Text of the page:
Exclusive: Xbox One – Potential Impacts of DirectX 12, Asynchronous Compute and Hardware Specifications Explored; Compared with Sony’s PS4
Xbox One and PS4: Basic Hardware Specifications Comparison
At the heart of every gaming machine - is the hardware powering the games you see on-screen. Traditionally, it refers to the precise recipe of CPU/GPU horsepower and memory throughput. The previous generation of consoles - namely the PS3 and Xbox 360 were vastly inferior in terms of hardware power - but were designed as single purpose machines. With both the PS4 and Xbox One entering X86 territory now, the lines between a console and a small form factor PC are getting increasingly blurred - and separated only by software. Infact, most, if not all, of the hardware powering the consoles was originally intended for the personal computer.
PS4 and Xbox One hardware: navigating the architectural shift to X86
Both the Xbox One and PS4 have custom based APUs courtesy of AMD. Knowing the exact hardware specifications of a custom chip is usually a dubious proposition at best; but thankfully, in this case, we already know all the major features and architectures used. Given below is the publicly available specification of the graphics and compute parts of the APUs used inside the consoles:
Console Hardware Comparison Chart
Both the Xbox One and PlayStation 4 have the same CPU architecture – namely Jaguar (which is an improved version of AMD’s Bobcat). Although, the configuration of the CPU side is the same (dual quad-core modules) the clock speeds are slightly different. The Xbox One has a known clock speed of 1.75 Ghz, while as the PS4 has a [TBC] clock speed of 1.6 Ghz.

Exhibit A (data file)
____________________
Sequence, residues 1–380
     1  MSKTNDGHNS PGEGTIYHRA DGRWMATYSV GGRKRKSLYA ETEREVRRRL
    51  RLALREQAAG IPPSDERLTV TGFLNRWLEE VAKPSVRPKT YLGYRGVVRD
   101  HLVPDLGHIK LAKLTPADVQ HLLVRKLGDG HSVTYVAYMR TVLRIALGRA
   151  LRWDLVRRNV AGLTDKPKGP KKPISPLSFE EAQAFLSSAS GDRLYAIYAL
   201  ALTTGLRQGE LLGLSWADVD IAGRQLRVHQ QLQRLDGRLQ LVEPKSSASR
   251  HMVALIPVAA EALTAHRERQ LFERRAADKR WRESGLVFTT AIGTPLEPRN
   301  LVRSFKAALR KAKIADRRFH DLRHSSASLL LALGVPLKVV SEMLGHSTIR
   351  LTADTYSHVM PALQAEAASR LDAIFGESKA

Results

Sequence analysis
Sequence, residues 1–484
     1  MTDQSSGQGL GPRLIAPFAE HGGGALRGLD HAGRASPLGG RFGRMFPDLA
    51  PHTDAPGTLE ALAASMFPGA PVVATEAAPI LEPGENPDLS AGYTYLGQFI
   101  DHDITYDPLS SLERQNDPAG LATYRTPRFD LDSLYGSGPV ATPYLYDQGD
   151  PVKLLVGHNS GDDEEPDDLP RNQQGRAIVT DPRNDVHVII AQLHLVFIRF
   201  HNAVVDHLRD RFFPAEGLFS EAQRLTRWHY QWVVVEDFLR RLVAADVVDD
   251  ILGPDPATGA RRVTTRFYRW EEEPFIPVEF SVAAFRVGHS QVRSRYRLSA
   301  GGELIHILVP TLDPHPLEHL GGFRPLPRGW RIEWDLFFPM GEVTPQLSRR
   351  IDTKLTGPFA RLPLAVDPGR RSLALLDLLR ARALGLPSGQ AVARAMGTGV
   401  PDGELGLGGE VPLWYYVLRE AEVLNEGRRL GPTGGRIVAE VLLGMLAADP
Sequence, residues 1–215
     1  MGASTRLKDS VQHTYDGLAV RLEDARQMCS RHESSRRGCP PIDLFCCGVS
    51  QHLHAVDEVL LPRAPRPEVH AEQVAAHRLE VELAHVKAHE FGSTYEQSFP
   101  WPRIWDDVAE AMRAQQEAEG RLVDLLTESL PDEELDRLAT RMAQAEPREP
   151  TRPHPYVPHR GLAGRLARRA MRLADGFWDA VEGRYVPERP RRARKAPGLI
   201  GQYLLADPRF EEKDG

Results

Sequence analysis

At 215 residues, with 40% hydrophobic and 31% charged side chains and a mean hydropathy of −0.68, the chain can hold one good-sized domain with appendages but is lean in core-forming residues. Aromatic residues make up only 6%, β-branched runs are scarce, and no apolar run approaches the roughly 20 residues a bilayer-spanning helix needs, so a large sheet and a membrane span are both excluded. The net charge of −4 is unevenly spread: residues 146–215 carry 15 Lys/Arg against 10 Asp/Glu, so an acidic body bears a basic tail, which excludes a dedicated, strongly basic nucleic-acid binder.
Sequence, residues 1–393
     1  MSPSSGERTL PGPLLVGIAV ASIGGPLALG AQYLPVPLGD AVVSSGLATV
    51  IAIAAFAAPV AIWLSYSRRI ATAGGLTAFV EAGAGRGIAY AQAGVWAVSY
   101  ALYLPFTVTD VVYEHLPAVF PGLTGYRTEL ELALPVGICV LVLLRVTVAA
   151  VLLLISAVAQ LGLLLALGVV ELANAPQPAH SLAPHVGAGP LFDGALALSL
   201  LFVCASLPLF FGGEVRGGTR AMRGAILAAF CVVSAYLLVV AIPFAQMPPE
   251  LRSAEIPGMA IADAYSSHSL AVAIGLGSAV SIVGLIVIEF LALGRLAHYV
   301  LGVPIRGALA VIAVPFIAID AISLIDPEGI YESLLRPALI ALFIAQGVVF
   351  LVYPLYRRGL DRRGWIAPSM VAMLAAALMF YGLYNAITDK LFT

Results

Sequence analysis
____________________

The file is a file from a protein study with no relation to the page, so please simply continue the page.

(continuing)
Now here is the thing, while the main configuration is also given responsibility for handling background tasks on the Xbox One, the Sony PS4 has a dedicated (and separate) low power processor (technically increasing its configuration to 4+4+1) for all these behind the scenes work. The Auxiliary Processor has its own pool of 256 MB DDR3 RAM. While that might seem insignificant in comparison to the 8GB of GDDR5 shared memory for the primary APU, it’s actually not. It was not so long ago that 256 MB was all processors of ‘current generation’ consoles (like the PlayStation 3) had.
So that’s the compute side of things for APUs of both consoles. It’s when we move on to the graphics side, that things get really interesting. While the Xbox One houses a Bonaire derivative with 768 stream processors, the Sony PS4 rocks a Pitcairn derivative GPU with 1152 stream processors. The Xb1 features 16 ROPs and 48 TMUs versus the PS4’s 32 ROPs and 72 TMUs.
This means that the Sony PS4 is inherently more powerful than the Xbox One in terms of gaming performance – and no amount of optimization or software updates can change this fact
The GPU of the Xbox One is clocked at 853 Mhz while as the PS4 GPU is clocked at 800 Mhz. The memory of the XB1 is clocked at 2133 Mhz effective while as the PS4 has a significantly higher 5500Mhz effective memory clock speed. The APU of the Xbox One will have about 68.3 GB/s total bandwidth while as the PS4’s (Primary) APU will have access to 176 GB/s of sustained bandwidth. Unlike the PS4 however, the Xbox One also has 32 MB of esRAM, capable of boasting bandwidth upto 204 GB/s – but depends on entirely on how the developers use it.
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